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Cyber Defense

Cyber Defense is the sixth design from the We are Animals I series, a series of pieces portraying great minds wronged by humanity’s thoughts. This piece shows Alan Turing, an English mathematician, computer scientist, logician, cryptanalyst, philosopher, and theoretical biologist. One of the most profound minds of the twenty century, best known as the father of theoretical computer science and artificial intelligence.

Turing always showed signs of his above-average intelligence. In addition, he was an avid reader of physics and math books. In one of his articles, published at the age of 24, he talked about computable numbers; it was in this article that he devised a mechanical process that could tell when a logical procedure could be proven or not. This procedure is known today as the Turing Machine, a hypothetical device that would change roles as needed. We learned some of the fundamental logic of algorithms from this machine. We also learned what would become all the modern computing we know today.

Another impressive achievement he is remembered for is the techniques for speeding the breaking of German ciphers during the second world war. Turing played a crucial role in cracking intercepted coded messages that enabled the Allies to defeat the Nazis in many critical engagements. Some historians estimated that his work shortened the war in Europe by more than two years and saved over 14 million lives.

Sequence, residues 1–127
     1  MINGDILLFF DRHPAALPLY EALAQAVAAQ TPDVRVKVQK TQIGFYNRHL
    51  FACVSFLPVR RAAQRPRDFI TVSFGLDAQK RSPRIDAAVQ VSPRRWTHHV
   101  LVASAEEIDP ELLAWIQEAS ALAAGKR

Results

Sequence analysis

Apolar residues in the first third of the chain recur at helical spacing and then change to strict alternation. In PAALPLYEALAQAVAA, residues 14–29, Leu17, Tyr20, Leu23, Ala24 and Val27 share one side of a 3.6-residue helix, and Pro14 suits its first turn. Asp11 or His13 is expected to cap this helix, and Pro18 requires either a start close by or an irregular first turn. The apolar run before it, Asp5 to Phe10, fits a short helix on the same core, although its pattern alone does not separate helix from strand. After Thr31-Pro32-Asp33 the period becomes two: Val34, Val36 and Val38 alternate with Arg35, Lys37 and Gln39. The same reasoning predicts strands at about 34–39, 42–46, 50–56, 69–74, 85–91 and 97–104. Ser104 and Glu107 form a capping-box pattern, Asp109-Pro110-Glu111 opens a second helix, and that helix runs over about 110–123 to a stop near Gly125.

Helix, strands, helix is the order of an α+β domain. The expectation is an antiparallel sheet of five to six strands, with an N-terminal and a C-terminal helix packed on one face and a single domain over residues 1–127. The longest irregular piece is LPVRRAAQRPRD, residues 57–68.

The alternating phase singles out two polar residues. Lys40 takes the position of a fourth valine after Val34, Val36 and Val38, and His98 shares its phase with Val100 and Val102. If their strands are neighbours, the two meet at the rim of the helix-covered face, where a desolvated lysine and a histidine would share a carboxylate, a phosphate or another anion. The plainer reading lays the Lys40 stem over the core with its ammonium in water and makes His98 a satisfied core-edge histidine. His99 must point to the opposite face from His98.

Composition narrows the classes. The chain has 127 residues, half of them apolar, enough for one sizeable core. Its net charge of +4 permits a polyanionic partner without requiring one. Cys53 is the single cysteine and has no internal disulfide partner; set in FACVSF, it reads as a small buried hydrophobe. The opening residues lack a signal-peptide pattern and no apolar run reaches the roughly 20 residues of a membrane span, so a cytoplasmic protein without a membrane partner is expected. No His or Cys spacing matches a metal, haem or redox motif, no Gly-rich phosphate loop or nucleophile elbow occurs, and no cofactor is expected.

Science is a differential equation. Religion is a boundary condition.

— Alan Turing – Epigram to Robin Gandy (1954)

Another well-known fact about Turing is when he almost married a teammate, but she chose not to move on when he told her he was gay. Later, in 1952, after having his home broken into by a friend of a man with whom he became involved, he reported the case to the police. He was arrested after admitting his sexual orientation to the authorities and tried under the Labouchere Amendment of 1885, which considered it illegal to be homosexual. Possibly because of his importance to the government, he was offered freedom on the condition that he undergo “treatment” with injections of synthetic estrogen, chemical castration with a female hormone that caused several side effects. Turing ended up accepting.

Two years after this event, Turing was found dead of cyanide ingestion. He was only 41 years old and allegedly poisoned an apple and ate to end his own life after being persecuted for being gay, losing his job, and financial conditions. However, some people, among them Turing’s mother, argue that he probably accidentally poisoned himself while dealing with chemicals in his home laboratory and deny that his death was by suicide.

It was only in 1967 that the laws of the United Kingdom stopped making homosexuality a crime. However, it was only in 2017 that a law lifted the conviction of all those unjustly persecuted men before the end of the homophobic legislation. The “Turing law” was named after the most famous victim of institutionalized homophobia in England.

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